A friend of ours in the United States has an unusual hobby of collecting and restoring old steel hand tools including axe heads from the early to mid 1900s. He donated four five-gallon buckets full of axe heads for us to give to those in need along the May River and its tributaries. These old axe heads were not junky imports like we see today. They were made to last a lifetime.
Stone tools have been used in PNG for generations. I remember seeing stone axes in men’s houses in 1995. But today they are just a memory. Sadly, many of the men and most of the teenagers can’t afford to buy a steel axe. Machetes are cheap enough, but try cutting down a huge ironwood tree with one.
Our first memory of Malai, a shy 16-year-old, was when we were setting up our ham radio antenna. We needed someone to climb a tall coconut tree close to our house and tie our antenna wire up at the very top. Malai was the only one courageous enough to climb above where the coconuts grow. Later, when we needed to have our grass cut, Malai and his brother used their machetes to do the job in half the time it took other boys. I later learned that they were saving up money to help pay for their fourth-grade school fees. I found out that he and his brother were without a father. They were alone in caring for their mother and two sisters.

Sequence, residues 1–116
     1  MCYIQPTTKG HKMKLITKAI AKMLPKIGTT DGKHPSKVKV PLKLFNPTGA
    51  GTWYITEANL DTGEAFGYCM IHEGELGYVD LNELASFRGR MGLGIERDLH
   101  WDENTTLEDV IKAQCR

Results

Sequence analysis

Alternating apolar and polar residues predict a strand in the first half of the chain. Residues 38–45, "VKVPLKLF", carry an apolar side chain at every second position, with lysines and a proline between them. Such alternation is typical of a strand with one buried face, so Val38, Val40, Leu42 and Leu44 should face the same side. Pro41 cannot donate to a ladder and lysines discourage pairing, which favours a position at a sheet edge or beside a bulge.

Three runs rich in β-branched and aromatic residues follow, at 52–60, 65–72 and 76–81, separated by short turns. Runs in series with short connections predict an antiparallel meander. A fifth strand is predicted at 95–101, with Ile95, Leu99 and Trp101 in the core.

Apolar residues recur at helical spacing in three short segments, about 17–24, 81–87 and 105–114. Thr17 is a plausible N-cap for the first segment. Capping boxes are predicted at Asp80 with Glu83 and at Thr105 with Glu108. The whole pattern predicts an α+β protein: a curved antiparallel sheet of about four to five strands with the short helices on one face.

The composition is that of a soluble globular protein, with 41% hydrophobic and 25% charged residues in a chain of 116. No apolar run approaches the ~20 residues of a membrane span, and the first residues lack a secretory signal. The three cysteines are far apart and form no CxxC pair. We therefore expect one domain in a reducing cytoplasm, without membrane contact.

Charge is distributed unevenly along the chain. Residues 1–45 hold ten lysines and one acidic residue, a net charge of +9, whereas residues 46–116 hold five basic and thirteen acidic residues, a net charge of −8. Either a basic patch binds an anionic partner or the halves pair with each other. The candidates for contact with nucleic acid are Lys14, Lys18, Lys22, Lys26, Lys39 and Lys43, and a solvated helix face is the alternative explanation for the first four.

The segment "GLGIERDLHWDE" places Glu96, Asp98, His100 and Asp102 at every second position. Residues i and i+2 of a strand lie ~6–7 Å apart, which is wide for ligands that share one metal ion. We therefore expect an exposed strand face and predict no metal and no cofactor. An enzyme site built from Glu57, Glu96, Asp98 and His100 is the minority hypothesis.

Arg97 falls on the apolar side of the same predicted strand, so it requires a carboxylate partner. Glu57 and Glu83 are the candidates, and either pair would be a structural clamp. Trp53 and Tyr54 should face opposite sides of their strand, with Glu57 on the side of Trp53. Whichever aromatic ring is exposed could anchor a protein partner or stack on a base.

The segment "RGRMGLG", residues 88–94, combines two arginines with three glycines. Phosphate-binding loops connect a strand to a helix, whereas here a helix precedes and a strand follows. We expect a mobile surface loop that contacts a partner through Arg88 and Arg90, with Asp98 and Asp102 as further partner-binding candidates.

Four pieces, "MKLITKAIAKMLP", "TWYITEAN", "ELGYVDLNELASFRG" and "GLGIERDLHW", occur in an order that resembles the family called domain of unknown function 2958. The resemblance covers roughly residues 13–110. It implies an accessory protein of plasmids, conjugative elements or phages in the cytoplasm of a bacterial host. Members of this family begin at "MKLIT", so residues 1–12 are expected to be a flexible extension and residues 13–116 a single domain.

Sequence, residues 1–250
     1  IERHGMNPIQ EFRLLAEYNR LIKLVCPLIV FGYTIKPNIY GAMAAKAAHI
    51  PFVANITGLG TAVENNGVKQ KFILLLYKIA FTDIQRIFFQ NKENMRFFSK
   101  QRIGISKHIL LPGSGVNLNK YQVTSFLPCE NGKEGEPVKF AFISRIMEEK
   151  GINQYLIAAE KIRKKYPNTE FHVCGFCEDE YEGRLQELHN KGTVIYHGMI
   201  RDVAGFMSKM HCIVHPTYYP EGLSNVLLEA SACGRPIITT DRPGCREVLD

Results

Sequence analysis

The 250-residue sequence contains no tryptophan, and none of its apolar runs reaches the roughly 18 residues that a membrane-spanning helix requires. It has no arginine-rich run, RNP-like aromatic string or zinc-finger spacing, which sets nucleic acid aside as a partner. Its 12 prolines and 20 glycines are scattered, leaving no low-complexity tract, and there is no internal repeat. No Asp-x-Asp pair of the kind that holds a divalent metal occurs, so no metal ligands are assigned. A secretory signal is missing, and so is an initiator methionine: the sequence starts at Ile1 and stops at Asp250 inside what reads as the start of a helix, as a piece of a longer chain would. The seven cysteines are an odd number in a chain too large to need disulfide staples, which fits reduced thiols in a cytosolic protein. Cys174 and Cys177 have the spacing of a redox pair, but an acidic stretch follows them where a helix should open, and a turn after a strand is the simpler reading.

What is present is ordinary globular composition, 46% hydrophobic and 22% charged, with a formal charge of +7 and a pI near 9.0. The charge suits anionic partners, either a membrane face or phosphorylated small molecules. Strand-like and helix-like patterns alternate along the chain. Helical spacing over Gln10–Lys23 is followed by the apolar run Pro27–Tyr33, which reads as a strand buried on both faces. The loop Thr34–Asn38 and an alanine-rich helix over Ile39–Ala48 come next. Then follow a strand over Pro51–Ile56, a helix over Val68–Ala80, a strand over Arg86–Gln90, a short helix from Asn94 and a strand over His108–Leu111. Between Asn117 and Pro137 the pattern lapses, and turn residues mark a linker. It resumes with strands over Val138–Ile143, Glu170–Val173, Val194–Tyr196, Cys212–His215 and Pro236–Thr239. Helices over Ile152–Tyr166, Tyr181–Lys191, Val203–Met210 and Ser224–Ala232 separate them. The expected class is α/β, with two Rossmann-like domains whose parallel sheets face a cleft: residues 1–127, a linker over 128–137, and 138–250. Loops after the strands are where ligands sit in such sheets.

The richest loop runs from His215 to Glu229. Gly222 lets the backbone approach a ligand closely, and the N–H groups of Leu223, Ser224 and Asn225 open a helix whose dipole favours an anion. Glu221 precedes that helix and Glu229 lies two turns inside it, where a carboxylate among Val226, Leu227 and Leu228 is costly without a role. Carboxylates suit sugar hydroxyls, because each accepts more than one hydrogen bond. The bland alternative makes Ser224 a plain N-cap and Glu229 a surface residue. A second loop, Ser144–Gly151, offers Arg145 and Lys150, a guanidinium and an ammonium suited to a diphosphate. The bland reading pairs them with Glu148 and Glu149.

Over the course of time, we became friends with Malai. Whenever we met, we would snap fingers together in May River’s traditional greeting. We liked to tease each other. Soon Malai began to attend worships and church services.
When the axe heads from my friend in America arrived, I quietly sent most of them as gifts to many villages. I also saved a few to hand out to deserving people. Malai was very excited when I presented him with an axe with a homemade handle.
After receiving his axe, Malai disappeared for several weeks. I began to worry about him and wondered what had happened. When I saw him next, he was bubbling with happiness. He had spent the last few weeks using his axe to cut a garden for his family out of the jungle. But that wasn’t all. He had also cut ironwood logs to make his family a new house.
Please remember Malai in your prayers. Over the last two years, we have watched him mature, fall in love with Jesus and be baptized. He now dreams of finishing school and becoming a nurse.